July seasonal downward trend in spot market rates is dipping from peaks well above typical

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While truckload capacity has been tight all year, pushing up rates, the dynamic has eased gradually in July in somewhat typical seasonal fashion (though spot market conditions are still hotter than at the same time in prior years when it comes to being favorable for truckers).

Rates hit all-time highs early in the month, but the seasonal decline – though prices are much more elevated than usual — has seen rates fall on 76 of the top 100 van lanes this last week.

You can see in the map, there’s still a band of high load-to-truck ratios across the southern half of the country, meaning that shippers and brokers have a harder time finding trucks in those areas. However, some individual markets have cooled substantially recently.You can see in the map, there’s still a band of high load-to-truck ratios across the southern half of the country, meaning that shippers and brokers have a harder time finding trucks in those areas. However, some individual markets have cooled substantially recently.

Hot van markets: Volumes were strong in Los Angeles and Houston last week, but outbound rates were down pretty much everywhere. A handful of lanes had big increases, though. For example, the Pacific Northwest has been one of the weakest regions for outbound rates, but average rates on the lane from Seattle to Stockton, Calif., were up 17 cents to an average of $1.49 per mile. That doesn’t sound impressive, but it’s at least a sign that the Northwest is starting to stabilize.

Not so hot: It’s gotten easier to find trucks across the Southern band of states where load-to-truck ratios are high, compared to how it was in June. Average rates in Southeast markets like Atlanta, Charlotte and Memphis have retreated from their previous peaks.

Speaking of Atlanta, it’s one of the country’s largest freight markets, as is Chicago. But if you’re making runs between the two cities, a two-leg route on the lane into Chicago, given Atlanta’s late softening, could offer opportunity to get closer to what the roundtrip was commanding in both directions in June. Currently the lane from Chicago to Atlanta pays $2.19 per mile on average, and the lane from Atlanta back to Chicago pays $2.14. Not terrible, but if you’ve got the hours to make it work, you could look for a load going from Atlanta to Charleston, W.Va., instead of heading straight back to Chicago. That lane paid an average of $3.27 per mile last week. The last leg of the trip to Chicago is averaging better too, at about $2.20 per mile. Your total rate per loaded mile for the run would get a 34-cent-per-mile increase compared to the regular roundtrip if the freight’s there.Speaking of Atlanta, it’s one of the country’s largest freight markets, as is Chicago. But if you’re making runs between the two cities, a two-leg route on the lane into Chicago, given Atlanta’s late softening, could offer opportunity to get closer to what the roundtrip was commanding in both directions in June. Currently the lane from Chicago to Atlanta pays $2.19 per mile on average, and the lane from Atlanta back to Chicago pays $2.14. Not terrible, but if you’ve got the hours to make it work, you could look for a load going from Atlanta to Charleston, W.Va., instead of heading straight back to Chicago. That lane paid an average of $3.27 per mile last week. The last leg of the trip to Chicago is averaging better too, at about $2.20 per mile. Your total rate per loaded mile for the run would get a 34-cent-per-mile increase compared to the regular roundtrip if the freight’s there. Reefer rates fell rapidly once we got past the Fourth of July, but unlike the dry van trends, the declines for reefers weren’t across the board last week, with rates moving higher in several areas.Reefer rates fell rapidly once we got past the Fourth of July, but unlike the dry van trends, the declines for reefers weren’t across the board last week, with rates moving higher in several areas.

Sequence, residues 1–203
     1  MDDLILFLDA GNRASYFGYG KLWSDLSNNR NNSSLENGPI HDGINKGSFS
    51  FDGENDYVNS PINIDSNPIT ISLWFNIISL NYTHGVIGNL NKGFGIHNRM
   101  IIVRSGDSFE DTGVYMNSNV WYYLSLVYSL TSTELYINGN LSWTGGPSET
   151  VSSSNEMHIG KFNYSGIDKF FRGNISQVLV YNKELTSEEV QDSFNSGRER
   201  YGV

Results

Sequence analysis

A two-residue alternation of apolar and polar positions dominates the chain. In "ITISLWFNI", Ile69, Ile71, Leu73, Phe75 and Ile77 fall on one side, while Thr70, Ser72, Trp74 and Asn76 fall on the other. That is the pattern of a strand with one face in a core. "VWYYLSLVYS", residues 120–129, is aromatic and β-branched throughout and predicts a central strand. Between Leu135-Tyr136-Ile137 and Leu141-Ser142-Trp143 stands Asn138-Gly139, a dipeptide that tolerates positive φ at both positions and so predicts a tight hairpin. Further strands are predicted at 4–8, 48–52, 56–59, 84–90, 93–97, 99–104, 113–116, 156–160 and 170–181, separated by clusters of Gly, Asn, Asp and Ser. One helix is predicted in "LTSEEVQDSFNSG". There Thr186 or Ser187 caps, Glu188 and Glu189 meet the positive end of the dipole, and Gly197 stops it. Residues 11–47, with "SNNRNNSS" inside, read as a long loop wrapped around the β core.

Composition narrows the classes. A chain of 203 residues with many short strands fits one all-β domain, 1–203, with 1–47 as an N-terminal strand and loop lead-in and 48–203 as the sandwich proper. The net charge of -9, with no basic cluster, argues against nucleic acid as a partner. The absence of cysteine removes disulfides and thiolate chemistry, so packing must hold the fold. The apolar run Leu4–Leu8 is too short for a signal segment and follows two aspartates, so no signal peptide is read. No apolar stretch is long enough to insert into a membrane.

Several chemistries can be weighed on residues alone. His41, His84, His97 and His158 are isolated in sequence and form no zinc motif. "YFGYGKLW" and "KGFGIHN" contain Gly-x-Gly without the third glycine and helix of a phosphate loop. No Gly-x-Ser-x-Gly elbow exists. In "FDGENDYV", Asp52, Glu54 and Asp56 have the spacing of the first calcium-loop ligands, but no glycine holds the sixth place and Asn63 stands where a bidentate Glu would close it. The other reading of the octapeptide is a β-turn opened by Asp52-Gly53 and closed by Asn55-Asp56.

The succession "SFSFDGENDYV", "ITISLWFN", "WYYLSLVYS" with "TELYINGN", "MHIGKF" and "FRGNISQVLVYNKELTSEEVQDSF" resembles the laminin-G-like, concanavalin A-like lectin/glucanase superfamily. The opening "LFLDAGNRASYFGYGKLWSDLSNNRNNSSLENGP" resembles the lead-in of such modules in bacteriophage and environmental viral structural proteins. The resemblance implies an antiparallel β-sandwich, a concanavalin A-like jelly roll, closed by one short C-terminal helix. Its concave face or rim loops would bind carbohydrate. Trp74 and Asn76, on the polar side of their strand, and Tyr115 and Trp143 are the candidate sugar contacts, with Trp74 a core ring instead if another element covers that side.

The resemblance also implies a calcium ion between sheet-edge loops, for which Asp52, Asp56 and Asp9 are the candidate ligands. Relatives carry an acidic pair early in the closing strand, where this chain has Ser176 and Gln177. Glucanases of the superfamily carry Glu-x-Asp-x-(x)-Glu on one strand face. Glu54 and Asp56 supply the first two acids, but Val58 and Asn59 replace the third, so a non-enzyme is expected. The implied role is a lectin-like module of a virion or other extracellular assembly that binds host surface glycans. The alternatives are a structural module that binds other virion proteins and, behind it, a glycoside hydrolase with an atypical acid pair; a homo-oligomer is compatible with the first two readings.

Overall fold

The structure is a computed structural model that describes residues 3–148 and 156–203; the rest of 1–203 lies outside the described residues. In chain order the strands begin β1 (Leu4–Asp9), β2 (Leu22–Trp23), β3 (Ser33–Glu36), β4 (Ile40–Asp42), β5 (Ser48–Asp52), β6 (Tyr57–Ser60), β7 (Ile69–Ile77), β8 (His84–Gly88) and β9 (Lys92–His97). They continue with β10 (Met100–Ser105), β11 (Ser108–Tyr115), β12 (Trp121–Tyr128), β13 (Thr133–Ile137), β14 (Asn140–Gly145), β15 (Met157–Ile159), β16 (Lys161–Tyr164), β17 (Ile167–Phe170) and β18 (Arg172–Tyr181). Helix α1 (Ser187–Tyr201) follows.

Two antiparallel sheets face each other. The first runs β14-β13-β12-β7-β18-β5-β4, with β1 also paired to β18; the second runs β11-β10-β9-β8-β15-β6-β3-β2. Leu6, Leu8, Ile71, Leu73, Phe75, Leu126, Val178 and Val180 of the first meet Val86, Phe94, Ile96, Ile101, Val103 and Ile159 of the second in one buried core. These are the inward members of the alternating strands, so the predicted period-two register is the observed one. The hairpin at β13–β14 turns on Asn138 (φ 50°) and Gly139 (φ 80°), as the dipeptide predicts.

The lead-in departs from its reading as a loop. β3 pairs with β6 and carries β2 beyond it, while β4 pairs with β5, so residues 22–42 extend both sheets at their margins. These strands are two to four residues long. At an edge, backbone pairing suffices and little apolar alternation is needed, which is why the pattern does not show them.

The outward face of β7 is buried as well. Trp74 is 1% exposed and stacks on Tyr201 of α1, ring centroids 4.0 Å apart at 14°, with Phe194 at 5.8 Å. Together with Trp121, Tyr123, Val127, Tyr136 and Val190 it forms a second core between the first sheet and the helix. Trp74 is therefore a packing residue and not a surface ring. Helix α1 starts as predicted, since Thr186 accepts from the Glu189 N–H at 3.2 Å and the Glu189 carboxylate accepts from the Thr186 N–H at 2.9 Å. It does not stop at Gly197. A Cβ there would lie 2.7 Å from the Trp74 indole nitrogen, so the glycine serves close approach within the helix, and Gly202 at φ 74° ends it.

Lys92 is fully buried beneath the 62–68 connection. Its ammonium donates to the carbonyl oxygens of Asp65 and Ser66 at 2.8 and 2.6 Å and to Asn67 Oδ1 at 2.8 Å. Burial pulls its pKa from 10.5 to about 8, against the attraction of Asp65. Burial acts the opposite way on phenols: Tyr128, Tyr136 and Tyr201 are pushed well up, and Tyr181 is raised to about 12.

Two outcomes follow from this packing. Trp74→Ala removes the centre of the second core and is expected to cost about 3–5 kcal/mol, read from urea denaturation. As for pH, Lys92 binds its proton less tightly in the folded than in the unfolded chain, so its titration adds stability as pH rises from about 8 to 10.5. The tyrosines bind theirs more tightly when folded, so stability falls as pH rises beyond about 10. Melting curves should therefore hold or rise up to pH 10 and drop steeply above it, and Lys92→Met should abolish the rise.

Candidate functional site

Hot reefer markets: Prices continued to climb out of Michigan, and outbound rates in Grand Rapids were up 5 percent. Sacramento, Calif., also rebounded, with the average reefer rate on the lane to Denver jumping up 38 cents to $2.96 per mile.

Not so hot: It was a different story in Southern California. The recent heat wave damaged a portion of the avocado crop, which took a bite out of volumes and rates. For example, the average rate for reefer loads moving from Ontario, Calif., to Chicago plunged 63 cents to $2.24 per mile.

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